Babies cry to let you know that they need something: you might need to change their nappy, and so wipe their bottom etc, or you might need to feed them (they often suck their fingers when they’re hungry), they might just want you to cuddle them (= to hold them in your arms, maybe while singing a lullaby) or maybe you haven’t winded them properly. To settle your baby, especially if you notice that they are rubbing their eyes,  you might try swaddling him or her (=to wrap them very tightly in a blanket) and gently rock them in your arms until they fall asleep. Sometimes they cry just because they’re either too hot or cold, in which case you’ll need to undress them or add another layer.

INTRANSITIVE VERBS

And now let’s turn to intransitive verbs such as “to grow up“. Intransitive verbs are not followed by any object. Indeed we say that “someone grows up” but you can’t say that “someone grows up someone else”. Here are a few examples that should help you understand the difference between to raise and to grow up:

I grew up in London.
She lost her parents when she was two, so her grandparents raised her.
He was raised in France.
He grew up to be an important writer.

Now let’s have a look at some intransitive verbs about parenting and newborns:
When a baby fusses, fidgets or cries a lot, it might be a sign that he’s hungry. After your baby feeds, he should settle / calm down.
It’s not uncommon for babies to doze off during a feed.
You should always try to make your baby burp after a feed.
Babies tend to wriggle a lot when you change them.

Can you now guess why some of the above verbs are green? Yes, precisely because they can be either transitive or intransitive depending on their usage. Use a dictionary to check whether a verb is transitive, intransitive or both to make sure you’re using them correctly.

Hope this helps! 🙂
Talk soon,
Deb

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English for parenting: newborns and baby stuff

This post is a sequel to Medical English: English for pregnancy and it’s going to be full of vocabulary related to newborns and parenting. So if you’ve just become a parent, like me, I hope you’ll find it useful and, by the way, congratulations!

FURNITURE

Towards the end of the pregnancy, a woman goes through a period called ‘nesting‘ when she starts buying some nursery furniture: a moses basket for when the baby is really small, a cot for later on, a cot top changer for changing his or her nappies and a baby bath where to wash her little one.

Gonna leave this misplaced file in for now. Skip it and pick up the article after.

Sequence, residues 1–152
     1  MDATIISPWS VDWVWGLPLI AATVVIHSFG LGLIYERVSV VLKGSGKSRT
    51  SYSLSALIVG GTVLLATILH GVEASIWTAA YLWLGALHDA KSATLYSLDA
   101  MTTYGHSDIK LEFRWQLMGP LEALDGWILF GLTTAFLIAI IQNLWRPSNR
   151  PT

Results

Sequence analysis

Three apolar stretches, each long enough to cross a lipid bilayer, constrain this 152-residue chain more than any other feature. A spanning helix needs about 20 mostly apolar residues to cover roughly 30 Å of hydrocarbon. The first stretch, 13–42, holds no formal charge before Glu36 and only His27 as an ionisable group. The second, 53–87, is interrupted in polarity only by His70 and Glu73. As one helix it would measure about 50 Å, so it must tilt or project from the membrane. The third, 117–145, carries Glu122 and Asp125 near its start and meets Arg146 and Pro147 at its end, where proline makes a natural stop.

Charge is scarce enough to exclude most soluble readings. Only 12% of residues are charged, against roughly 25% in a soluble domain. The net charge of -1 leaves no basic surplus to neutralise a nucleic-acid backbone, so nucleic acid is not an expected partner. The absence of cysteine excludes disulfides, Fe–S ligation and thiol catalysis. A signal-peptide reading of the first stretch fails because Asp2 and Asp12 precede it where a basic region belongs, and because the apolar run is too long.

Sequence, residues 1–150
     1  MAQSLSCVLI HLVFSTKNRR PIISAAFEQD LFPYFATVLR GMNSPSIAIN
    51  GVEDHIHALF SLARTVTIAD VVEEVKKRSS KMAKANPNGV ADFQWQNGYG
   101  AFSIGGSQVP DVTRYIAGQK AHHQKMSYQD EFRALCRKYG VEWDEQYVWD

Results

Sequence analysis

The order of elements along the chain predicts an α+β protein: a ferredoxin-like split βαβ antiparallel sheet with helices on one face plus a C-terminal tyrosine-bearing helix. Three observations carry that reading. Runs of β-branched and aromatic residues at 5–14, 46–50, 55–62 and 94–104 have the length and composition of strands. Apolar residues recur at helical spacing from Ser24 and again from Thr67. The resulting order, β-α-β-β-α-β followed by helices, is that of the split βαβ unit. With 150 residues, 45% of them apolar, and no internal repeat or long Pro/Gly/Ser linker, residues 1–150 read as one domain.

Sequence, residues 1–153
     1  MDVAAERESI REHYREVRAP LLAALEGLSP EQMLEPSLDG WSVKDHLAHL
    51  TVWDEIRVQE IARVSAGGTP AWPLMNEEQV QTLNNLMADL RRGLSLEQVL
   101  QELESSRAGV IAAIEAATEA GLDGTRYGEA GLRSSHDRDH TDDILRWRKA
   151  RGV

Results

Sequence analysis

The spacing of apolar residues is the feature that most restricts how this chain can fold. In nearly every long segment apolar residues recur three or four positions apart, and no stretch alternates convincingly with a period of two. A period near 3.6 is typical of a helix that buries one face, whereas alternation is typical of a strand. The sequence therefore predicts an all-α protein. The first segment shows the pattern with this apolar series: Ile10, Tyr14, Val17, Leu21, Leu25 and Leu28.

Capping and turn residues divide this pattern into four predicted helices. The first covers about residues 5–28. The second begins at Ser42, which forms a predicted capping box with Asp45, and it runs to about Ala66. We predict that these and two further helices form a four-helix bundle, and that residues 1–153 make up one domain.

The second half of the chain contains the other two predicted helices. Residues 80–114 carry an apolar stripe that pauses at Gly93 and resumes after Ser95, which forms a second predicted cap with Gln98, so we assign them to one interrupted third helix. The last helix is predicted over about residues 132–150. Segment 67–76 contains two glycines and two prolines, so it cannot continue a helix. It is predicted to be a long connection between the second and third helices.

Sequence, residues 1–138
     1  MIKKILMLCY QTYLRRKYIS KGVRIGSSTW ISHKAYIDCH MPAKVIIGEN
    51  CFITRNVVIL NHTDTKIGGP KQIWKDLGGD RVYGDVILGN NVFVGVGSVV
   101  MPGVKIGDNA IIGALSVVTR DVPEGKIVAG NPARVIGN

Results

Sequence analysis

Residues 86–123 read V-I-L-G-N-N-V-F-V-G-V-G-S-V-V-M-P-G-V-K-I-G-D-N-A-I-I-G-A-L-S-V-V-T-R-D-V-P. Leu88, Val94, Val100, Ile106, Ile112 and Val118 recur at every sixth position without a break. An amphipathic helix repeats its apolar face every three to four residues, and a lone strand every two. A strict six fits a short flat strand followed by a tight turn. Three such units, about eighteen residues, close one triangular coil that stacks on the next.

CLOTHING

In terms of clothing, a newborn will need a few bodysuits, or vests, babygrows (British English) or onesises (American English) which are the all-in-ones with legs, some hats and mittens.0610-newborn-photographer

GOING OUT WITH YOUR BABY

To take your little one out, you’ll need a pram for when they’re small and need to lie down, a car seat for later on or whenever you want to take them in the car and eventually a pushchair (also called buggy). You can buy these three pieces together and it’s called travel system.

When your baby can hold his or her head up, you might consider getting a baby carrier or sling.

When going out, you’ll also need to take with you a changing bag where you’ll keep some nappies, some baby wipes and a travel changing mat.

FEEDING YOUR BABY

Nursing bras and pads are essential for breastfeeding mothers. Breastfeeding can be painful at the beginning as it’s not always easy to latch on the baby. If you decide to bottlefeed instead of breastfeeding, you’ll also need a pump to pump out your milk, a few feeding bottles and a bottle steriliser. Unless you opt for the formula (in this case you buy the milk). In any case, it’s always handy when feeding your baby to have a muslin square within easy reach for when you’ll need to wind him or her(=to get him or her to burp) or a newborn bib.

Sorry the baby is crying and I need to go 🙂
Talk soon,
Deb